March 2, 2021
Testimony before the Senate Judiciary Committee at the Oregon State Capitol
My name is Dr. Randy Blazak and I’m the chair of Oregon’s Coalition Against Hate Crimes. The Coalition was formed in 1997 after the Oklahoma City Bombing as a way to increase cooperation and communication between community groups and local, state, and federal government agencies to interrupt extremist threats and serve the victims of bias in Oregon. For over 23 years, the Coalition has acted as a state-wide civil rights network that has included a range of members, from neighborhood advocacy groups to the United States Department of Justice. That’s why I am honored to be here today to lend my support to SB398.
Understanding the nature on hate crimes requires the understanding of context. The use of the “N word” is a rap song is an artistic expression, protected by the First Amendment. The use of the “N word” in an attack by white skinheads on a black victim can be used as evidence of a bias motivation and therefore elevated criminal charges. A swastika drawn on a chalkboard by a history professor discussing the Third Reich can have educational merit. A swastika drawn on a chalkboard by a student wanting to harass a Jewish classmate can have a deeply traumatic impact on the target of that action. And the noose may just be an image in an old western film, or it can be used to invoke generations of racial terrorism.
When people ask, “Isn’t every crime a hate crime?” it is incumbent upon us to explain the greater harm of bias motivated crimes. Research has demonstrated that the impact of a single hate crime is much deeper and wider than a traditional crime victimization. First, hate crimes, both violent and non-violent, have longer psychological impacts on the victim as they are targeted for some immutable characteristic about themselves that they can’t change or shouldn’t have to change. We have documented deeper trauma, including longer periods of depression, higher suicide and self-harm rates, and behavior changes that include social withdrawal. Victims often report saying things like, “How can this still be happening in America?” and “What’s to stop this from happening to me again?”
But it’s not just the direct victim that experiences this harm. The members of their community also experience a spike in anxiety as they wonder who among them will be next and ask if they are safe or even wanted in a community where the attack happened. An attack on a gay person will create a wave of trauma through the entire LGBTQ community and research shows that people’s behavior changes in that community in response to the elevated threat level. Soon, other marginalized communities are impacted. A vandalism of a Korean church, spreads waves of fear through other immigrant communities. We have research that shows communities become divided as residents try to feel out who is on the side of the victim and who is on the side of the attacker. Finally, the place itself becomes stigmatized by the hate that occurred there. What images come to mind when you say Laramie, Wyoming, Jasper, Texas, Charlottesville, Virginia, or even Portland, Oregon?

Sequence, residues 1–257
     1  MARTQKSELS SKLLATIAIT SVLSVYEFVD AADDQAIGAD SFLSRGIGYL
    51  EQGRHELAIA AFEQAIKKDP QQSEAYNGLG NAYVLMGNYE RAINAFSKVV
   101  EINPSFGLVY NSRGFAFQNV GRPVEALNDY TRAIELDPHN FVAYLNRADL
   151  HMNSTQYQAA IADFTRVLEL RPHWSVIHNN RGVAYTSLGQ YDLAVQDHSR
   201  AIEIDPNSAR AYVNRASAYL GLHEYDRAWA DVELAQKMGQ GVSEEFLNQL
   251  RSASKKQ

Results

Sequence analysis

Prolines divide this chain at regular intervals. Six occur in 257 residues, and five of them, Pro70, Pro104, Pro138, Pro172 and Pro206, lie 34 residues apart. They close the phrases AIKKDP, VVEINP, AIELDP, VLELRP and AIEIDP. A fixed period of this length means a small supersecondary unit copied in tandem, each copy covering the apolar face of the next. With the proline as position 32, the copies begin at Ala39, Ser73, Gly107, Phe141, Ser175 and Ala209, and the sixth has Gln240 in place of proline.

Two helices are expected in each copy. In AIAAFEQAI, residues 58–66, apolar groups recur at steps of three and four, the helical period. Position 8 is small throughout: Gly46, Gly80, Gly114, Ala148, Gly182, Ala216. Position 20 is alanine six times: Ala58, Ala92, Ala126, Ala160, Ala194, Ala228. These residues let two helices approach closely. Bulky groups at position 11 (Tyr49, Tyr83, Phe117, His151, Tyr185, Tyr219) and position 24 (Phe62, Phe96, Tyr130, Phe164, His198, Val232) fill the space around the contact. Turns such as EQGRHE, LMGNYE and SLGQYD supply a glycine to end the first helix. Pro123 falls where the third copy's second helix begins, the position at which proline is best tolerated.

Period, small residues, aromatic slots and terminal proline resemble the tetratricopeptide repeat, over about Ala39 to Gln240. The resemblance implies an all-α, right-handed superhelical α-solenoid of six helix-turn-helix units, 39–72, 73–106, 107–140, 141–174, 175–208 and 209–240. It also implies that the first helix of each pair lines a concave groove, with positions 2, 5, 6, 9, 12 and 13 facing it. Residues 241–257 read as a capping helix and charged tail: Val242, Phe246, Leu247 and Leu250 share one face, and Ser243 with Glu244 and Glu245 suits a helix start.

On November 12, 1988, three racist skinheads brutally beat an Ethiopian college student to death as he was coming home from work. The murder of Mulugeta Seraw put Portland, Oregon on the global map as a center of hate. After the May 26, 2017 hate-motivated double murder on a Portland Max train, I interviewed numerous members of the Portland Ethiopian community for a study on hate and trauma. Each one told me in strikingly similar terms that the 2017 Max attack brought up the emotional trauma of the 1988 murder, causing them to ask, again, will they ever be safe being a black person in Oregon. The PTSD we associate with war veterans is also found in minority communities that have experienced hate crimes.
If there is one act of hate that has persisted through time it is the use of the noose, connected, not only to vigilante racial murders, often of people who committed no crime, but murder as spectacle. Lynchings occurred in front of cheering white crowds as bodies were burned, mutilated, and castrated. Postcards depicting actual lynchings were often made not only to celebrate white supremacy but to keep black people in a constant state of fear of the randomness of white terror. It is worth noting that that first federal definition of terrorism came in the Anti-Klan Act of 1871. Lynchings were acts of terrorism, designed to spread fear and trauma through the black population, including here in Oregon. The 1902 lynching of Alonzo Tucker still serves as a message that African Americans are not welcome in Southern Oregon.
Context matters. A noose might just be a drawing in a game of Hangman. But in the context of the dramatic increase in hate crimes in Oregon and the nation, a noose can be much more than a piece of rope. Its display can be a terroristic act meant to cause emotional harm to specific targets and entire communities as they ask, again, am I safe or even wanted in this community. The cumulative trauma that the noose has bought as a tool of hundreds of years of racial terror won’t be stopped by the passage of this bill, but it will send a strong message that Oregon stands with the victims of hate and not the perpetrators of it. And that’s how healing starts.